The flotation a board requires to keep its rider afloat (Reserve volume) is easy to calculate. Allow one litre of board volume for each kilo of weight it needs to carry (combined weight of rider, board, and wetsuit/clothing etc.)  So if board/wetsuit/rider together weigh 90kg, then a board with 90 litres of volume will have enough buoyancy to keep the rider afloat. Any volume over and above that 90L is referred to as Reserve Volume. Most  all-round SUPs have volumes closer to 200L, thus possessing a huge quantity of reserve volume. In other words, most all-round SUP boards have far more volume than is needed to simply float the rider, unless they are 150kg or more.  It is only with the very smallest (i.e.; hardcore wave) boards that volume becomes a significant issue.
Volume and stability
The volume of a board also offers no indication as to stability. Consider the three cross-sections shown below.  
Board B has been made twice as thick as board A, i.e.; it has twice as much volume. But actually – it will be less stable, as the rider will be higher off the water, and the board will feel more corky. Board C also has twice the volume of board A, but the extra volume has been used to create a rounded underwater hull shape, which will be incredibly tippy. (Anyone with a windsurfing background who has ridden a ‘Division II’ board will recognise this. Or indeed, anyone who has tried to stand on a floating log!).


Understanding Thickness

 The thickness of a board (ie the distance between the underside and the deck) is an important parameter as it has a major impact on stability – particularly on inflatable boards (see below).  Solid boards are usually around 100-110mm (4-4.5”) at their thickest point (usually the middle regions, particularly in the area under where the rider stands), and will then taper towards the nose and tail, and to the rails if the board is designed with surfing in mind.  There doesn’t tend to be much variation in thickness, other than with specialist designs such as racing boards, where the bows are often built much thicker.
On an inflatable board the thickness is a constant throughout. The dropstitch material inside inflatable boards is usually made with either 100mm, 120mm or 150mm strands between the top and bottom layers. So these are the standard thicknesses of inflatable boards.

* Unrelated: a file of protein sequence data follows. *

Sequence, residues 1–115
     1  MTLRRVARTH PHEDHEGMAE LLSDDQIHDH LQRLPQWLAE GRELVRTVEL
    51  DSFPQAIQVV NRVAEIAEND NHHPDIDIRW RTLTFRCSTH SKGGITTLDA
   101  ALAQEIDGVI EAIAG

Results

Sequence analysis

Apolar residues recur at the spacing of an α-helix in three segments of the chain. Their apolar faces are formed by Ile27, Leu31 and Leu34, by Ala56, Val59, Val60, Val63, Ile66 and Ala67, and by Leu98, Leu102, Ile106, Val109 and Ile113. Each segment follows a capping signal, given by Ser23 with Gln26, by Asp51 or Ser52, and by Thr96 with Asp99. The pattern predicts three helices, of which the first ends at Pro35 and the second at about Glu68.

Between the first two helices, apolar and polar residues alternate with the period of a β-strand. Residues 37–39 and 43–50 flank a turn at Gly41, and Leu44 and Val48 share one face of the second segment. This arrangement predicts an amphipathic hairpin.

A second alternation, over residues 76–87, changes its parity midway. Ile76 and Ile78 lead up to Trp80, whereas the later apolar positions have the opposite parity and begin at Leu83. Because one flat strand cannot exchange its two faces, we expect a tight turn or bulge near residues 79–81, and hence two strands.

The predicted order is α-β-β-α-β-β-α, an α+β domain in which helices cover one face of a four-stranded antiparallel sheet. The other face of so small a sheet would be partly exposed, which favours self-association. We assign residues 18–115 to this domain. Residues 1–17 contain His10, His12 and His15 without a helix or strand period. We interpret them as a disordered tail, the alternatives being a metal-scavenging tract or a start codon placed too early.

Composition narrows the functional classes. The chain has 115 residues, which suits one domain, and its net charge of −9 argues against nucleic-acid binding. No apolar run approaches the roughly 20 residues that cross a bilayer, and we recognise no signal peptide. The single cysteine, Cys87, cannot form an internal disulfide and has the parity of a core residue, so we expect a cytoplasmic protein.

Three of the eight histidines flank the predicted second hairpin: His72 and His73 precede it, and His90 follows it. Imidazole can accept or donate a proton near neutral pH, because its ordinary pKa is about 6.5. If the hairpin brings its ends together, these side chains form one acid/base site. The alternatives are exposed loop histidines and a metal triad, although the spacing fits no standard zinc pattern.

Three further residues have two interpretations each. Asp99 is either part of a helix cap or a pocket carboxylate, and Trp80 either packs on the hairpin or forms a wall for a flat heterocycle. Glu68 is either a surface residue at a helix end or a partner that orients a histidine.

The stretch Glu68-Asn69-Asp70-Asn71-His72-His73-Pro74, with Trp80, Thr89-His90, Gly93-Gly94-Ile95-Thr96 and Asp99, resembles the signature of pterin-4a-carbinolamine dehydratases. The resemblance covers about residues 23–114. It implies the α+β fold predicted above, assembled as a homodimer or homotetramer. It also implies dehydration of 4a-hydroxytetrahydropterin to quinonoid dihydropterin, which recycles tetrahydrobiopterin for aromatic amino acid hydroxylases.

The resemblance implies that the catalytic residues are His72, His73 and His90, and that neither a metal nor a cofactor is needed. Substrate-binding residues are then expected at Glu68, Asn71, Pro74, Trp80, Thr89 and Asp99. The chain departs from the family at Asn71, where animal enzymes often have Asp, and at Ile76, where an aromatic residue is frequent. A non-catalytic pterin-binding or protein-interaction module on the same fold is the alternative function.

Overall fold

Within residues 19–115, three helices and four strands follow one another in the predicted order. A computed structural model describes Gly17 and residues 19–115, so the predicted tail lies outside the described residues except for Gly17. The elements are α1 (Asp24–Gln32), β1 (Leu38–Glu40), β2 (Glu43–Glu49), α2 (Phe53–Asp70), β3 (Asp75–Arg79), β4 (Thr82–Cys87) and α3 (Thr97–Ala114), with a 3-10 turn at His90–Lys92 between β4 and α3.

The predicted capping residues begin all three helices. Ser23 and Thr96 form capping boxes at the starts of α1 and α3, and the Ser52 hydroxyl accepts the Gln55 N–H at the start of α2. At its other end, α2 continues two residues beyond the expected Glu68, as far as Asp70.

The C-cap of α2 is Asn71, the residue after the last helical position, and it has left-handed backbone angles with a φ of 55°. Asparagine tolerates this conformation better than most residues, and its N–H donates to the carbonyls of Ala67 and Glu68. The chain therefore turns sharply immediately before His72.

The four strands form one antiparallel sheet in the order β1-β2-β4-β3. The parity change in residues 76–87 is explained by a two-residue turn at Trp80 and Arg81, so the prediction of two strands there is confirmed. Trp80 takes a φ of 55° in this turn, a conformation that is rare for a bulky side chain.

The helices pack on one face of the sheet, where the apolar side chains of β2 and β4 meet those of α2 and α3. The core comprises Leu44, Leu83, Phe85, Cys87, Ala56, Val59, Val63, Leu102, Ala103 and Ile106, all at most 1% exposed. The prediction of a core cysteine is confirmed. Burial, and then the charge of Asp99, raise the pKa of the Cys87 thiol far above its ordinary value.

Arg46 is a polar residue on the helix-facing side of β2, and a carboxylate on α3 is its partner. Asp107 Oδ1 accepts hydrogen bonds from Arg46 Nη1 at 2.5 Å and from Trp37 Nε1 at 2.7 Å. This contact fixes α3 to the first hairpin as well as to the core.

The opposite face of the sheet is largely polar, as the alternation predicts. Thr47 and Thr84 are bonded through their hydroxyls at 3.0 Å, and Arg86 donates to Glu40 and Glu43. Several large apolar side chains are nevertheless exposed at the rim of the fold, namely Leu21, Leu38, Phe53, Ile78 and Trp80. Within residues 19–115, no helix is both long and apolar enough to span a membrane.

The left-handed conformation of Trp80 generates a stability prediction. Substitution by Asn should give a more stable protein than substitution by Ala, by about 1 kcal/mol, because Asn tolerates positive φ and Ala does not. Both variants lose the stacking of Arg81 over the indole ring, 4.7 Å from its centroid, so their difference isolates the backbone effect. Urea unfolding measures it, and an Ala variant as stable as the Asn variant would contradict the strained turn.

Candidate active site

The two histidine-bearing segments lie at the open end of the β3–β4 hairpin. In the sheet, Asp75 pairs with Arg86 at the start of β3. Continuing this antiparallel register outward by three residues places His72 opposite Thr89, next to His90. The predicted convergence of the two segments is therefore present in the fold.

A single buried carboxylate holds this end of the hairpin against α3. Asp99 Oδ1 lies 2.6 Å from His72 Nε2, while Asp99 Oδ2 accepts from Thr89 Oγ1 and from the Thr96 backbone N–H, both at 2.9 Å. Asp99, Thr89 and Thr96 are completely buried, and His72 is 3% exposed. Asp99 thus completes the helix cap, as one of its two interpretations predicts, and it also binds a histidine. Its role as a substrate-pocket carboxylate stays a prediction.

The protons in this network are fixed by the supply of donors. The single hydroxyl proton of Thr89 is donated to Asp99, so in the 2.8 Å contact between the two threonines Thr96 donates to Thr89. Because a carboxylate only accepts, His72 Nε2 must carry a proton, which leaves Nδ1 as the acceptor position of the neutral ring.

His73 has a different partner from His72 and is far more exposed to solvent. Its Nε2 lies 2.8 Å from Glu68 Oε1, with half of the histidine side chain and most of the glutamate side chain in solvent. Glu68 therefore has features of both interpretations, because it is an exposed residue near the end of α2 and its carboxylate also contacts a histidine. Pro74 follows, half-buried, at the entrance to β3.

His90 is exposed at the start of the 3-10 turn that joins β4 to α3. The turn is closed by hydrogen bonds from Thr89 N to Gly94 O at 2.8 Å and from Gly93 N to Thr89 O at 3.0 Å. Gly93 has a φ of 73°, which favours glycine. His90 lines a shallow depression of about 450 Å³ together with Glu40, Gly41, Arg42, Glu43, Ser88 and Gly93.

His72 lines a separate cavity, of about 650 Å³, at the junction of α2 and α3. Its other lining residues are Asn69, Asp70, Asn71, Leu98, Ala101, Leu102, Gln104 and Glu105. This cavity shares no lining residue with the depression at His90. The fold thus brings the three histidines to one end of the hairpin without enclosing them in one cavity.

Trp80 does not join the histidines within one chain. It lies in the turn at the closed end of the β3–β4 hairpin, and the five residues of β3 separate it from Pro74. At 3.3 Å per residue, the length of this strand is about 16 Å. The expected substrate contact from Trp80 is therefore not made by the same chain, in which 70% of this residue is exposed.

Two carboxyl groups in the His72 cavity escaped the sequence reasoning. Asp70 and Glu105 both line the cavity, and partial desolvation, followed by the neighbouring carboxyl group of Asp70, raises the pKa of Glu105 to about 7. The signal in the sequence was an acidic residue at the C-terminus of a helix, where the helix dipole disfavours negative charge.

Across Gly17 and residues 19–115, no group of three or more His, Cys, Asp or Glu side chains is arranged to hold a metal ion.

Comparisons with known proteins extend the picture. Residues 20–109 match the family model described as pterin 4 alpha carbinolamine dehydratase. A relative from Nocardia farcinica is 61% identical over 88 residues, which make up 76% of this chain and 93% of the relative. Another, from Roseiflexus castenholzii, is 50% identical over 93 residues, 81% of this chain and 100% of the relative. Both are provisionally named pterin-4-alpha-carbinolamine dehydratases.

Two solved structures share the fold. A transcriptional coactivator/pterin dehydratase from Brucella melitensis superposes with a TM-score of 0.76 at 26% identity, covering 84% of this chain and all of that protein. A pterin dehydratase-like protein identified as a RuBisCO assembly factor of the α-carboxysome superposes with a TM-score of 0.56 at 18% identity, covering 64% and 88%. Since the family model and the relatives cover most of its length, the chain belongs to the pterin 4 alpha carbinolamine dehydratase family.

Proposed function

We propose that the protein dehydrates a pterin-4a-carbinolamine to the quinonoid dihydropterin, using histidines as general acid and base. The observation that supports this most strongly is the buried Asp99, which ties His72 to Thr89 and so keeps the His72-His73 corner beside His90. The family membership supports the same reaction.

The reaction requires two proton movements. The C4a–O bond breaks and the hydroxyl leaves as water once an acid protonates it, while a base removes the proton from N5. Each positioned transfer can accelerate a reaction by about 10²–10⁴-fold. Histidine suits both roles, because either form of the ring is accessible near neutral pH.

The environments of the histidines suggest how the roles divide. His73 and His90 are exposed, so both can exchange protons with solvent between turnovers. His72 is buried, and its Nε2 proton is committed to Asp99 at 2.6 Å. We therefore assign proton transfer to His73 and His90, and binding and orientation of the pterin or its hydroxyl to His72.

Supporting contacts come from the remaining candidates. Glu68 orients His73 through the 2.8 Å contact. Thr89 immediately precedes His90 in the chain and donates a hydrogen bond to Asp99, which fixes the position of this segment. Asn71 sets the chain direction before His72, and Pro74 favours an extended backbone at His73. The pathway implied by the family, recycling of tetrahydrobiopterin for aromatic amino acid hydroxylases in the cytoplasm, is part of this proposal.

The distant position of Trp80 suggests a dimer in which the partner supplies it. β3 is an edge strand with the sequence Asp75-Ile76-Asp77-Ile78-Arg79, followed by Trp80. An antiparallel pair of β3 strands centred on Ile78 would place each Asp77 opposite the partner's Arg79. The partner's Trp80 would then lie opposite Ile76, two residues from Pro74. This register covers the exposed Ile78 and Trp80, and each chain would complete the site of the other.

Thicker dropstitch gives an inflatable board more rigidity, which is the main reason it is used. However, a thicker board puts the rider higher above the water, which has a surprisingly detrimental effect on stability. This is why high sided racing SUPs have a lowered area where the rider stands, to get their centre of gravity as low as possible.  A thick board (particularly if inflatable) will also be very slab-sided, reducing grip and surf suitability, and greatly increasing windage.  

Construction options

Paddleboards come in four main construction styles:

The large majority of SUP boards sold nowadays are inflatable, because of the huge advantages in terms of storage and transportation. They’re also a great option for families, as they’re very kid friendly, and the well-made ones can also be treated really rough, which is why they’re also pretty much the only sensible option for riding down rivers, bouncing off rocks along the way.  However, not all inflatables are created equal – just like hard boards, there is a wide variation in the choice and quality of materials and manufacturing process – the best inflatables take 30x longer to build than the cheapest, so there is a wide variety in price. You get what you pay for, basically. The products from the good brands are actually surprisingly high performance and will last 10 years or more – the cheapest inflatables you’ll be lucky to get 2 seasons out of.  

Most ‘hard’ boards feature an epoxy-resin-impregnated outer skin cooked onto a pre-shaped polystyrene foam core. The choice of materials and layers used in creating the skin determines the stiffness, strength, weight and price tag of the finished product. In general, composite boards are the most expensive, but they are also the lightest option, and the highest in performance, due to their stiffness and rigidity. The vast majority of SUP surfing and racing boards are of hard construction, as small details in board shape matter in these environs, as does stiffness.

Although respectably tough, hard boards can be the least durable of the construction options, which is why some of the more beginner-orientated brands (or construction options) add an extra ASA (plastic) layer to the outside to toughen them up, at the cost of a bit of extra weight. Being big and solid, with no ‘give’ in their skin, composite boards will definitely hurt when they hit you, though – one of the main reasons other than price that the alternative construction options have relevance for the first purchase.


These are hard boards but with a foam top layer, or sometimes entirely foam construction, like beginner surfboards. These knockabout boards offer a lower cost option than the composite boards, and are very family-friendly, as the soft foam construction minimises risk of injury to persons or property .